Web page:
• Immediate steps to constructively address issues of poverty and accessible healthcare.
• Sixty years of clientelism to be replaced by a more principled position on the US-led long war or the ‘war on terror’.
• Creatively move towards an economic policy that includes the excluded majority so that there is a shift away from privatisation and other misguided neoliberal policies of the IMF.
• The ruling classes have to decide whether Pakistan will continue to straddle the two domains of feudalism and schizoid capitalist development or pursue more self-reliant economic and social development. Land reforms, however, will have to become part of policy.
• Overhauling the colonial legacies in the justice system, the bureaucracy and the military, and putting an end to the politics of patronage. If there is movement in this direction, then the problems of policing, corruption, speedy justice, democratic participation and governance will start to resolve themselves.
The foregoing is a tall order for sure, but if Pakistan is to remain a viable state these problems and issues will have to be addressed.
The writer teaches politics at Ryerson University, Toronto.
Crisis of leadership
AS the saying goes, ignorant are those who know the price of everything and the value of nothing — a true reflection of what is going on in the country.
We talk about saving, protecting and reforming the country; we put monetary estimates of $5bn to save us from bankruptcy and many more calculations of megawatts of energy and tax-to-GDP ratios to put us back on track, but are we again making the mistake of dealing with the symptoms and not the root cause of the disease?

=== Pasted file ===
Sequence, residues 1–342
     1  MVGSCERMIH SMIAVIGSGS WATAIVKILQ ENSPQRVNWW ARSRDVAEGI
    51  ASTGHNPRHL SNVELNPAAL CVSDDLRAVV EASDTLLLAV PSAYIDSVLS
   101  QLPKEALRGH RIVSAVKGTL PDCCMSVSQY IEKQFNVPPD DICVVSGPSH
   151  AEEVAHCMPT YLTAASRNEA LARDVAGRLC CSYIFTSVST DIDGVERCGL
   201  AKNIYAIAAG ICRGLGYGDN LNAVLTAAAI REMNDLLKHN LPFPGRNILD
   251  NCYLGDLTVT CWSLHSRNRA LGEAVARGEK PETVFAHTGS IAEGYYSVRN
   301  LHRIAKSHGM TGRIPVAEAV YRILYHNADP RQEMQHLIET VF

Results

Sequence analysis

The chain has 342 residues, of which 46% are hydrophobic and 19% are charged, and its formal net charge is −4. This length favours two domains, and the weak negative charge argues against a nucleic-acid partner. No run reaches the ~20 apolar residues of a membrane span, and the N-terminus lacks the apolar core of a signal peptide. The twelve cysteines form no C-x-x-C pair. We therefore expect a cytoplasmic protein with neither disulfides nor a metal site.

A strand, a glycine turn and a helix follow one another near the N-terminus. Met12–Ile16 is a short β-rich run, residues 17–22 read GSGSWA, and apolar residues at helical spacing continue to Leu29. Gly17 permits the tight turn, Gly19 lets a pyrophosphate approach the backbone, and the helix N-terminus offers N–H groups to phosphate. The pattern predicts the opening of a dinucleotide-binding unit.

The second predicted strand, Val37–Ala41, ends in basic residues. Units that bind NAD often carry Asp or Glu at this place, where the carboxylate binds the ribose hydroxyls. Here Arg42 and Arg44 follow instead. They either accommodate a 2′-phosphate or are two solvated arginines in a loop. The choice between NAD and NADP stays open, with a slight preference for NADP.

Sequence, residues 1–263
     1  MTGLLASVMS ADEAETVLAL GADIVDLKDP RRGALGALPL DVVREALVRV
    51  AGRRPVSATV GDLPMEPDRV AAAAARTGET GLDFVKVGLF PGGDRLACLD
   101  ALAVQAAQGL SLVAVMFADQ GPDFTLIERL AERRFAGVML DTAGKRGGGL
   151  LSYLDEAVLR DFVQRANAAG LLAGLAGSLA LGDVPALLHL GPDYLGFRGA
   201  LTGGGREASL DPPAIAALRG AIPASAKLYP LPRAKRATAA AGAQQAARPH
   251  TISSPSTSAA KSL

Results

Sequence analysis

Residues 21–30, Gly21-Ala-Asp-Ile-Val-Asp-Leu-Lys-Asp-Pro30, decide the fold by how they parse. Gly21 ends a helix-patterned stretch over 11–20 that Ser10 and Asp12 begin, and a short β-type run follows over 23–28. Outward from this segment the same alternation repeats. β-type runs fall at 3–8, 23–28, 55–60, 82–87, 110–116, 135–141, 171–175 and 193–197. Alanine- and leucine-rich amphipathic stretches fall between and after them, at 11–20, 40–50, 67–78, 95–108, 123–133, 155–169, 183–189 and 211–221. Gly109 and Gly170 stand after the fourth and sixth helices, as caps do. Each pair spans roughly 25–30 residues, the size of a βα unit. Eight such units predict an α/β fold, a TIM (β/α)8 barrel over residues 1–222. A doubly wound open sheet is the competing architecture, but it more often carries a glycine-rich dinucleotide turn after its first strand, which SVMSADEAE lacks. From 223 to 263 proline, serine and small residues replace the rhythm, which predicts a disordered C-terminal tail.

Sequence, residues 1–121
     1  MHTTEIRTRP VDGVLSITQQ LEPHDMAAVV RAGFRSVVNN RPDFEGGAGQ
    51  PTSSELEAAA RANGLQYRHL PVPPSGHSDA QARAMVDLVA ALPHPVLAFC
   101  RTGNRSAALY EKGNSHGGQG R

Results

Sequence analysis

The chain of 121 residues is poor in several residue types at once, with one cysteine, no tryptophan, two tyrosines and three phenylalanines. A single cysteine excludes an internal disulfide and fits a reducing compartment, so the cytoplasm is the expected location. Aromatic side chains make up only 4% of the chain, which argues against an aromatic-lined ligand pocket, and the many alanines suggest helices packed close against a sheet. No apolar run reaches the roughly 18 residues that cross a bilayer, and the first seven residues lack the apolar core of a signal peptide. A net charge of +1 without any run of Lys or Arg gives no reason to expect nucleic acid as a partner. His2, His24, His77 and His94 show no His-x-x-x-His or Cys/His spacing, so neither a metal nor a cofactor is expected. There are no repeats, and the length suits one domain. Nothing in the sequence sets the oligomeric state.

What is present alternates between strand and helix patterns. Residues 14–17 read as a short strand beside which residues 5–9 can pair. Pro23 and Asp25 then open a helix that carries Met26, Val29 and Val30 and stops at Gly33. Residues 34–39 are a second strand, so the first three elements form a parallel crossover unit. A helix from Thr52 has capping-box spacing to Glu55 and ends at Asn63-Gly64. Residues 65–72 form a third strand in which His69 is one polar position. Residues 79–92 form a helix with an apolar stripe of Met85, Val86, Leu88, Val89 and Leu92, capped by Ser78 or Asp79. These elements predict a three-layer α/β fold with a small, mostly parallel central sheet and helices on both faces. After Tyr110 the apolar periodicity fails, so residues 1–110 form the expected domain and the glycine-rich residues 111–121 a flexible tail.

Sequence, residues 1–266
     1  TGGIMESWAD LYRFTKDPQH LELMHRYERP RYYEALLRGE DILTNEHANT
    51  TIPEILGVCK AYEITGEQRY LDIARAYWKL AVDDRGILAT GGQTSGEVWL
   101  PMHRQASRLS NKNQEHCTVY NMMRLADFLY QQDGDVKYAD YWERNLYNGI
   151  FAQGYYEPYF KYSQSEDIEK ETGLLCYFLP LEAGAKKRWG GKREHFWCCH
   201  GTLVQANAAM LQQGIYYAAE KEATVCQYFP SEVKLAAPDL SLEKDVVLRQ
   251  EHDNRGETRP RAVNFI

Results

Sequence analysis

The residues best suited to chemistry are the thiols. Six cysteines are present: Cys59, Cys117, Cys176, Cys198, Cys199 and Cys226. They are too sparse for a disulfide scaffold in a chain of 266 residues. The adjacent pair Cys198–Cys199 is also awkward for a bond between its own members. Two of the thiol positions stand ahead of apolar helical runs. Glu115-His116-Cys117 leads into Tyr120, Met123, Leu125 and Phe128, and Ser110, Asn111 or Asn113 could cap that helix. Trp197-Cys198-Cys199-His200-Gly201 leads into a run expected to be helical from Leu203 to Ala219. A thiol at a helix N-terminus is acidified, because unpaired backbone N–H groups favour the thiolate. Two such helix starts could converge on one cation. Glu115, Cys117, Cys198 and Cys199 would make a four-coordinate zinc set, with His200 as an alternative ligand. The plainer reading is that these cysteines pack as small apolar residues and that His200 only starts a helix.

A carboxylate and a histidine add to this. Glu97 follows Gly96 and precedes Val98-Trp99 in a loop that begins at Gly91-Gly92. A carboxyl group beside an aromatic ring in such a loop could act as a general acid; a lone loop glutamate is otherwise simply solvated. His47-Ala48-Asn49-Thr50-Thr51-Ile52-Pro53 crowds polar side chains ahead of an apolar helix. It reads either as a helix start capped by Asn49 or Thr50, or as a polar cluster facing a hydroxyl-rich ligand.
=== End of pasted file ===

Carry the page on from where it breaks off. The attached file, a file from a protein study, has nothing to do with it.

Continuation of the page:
Are we just looking at blocking the leakage without finding and repairing the hole that caused it? Or are we indulging in window dressing without working on the structure and foundation of the building which can collapse at the slightest tremor?
Perhaps this is the very reason that we as a country have always been on a socio-economic cliff ever since we were born. Fighting fires is an exercise which creates burnouts and incapacitates, creating chronic dependency on circumstances, other people’s help, luck and so on. How long can we survive this state of dependency is anybody’s guess.
In a country where the price of leadership is calculated in numeric terms, be it buying votes or seats in parliament or on the board of directors of major organisations, it is but natural that corruption becomes the modus operandi. It is ironic that Pakistani leaders are demanding proof of charges levelled by India following the Mumbai attacks when their own chief justice, despite allegations of abuse of authority in the case of his daughter’s exam grades, has been supported by the government.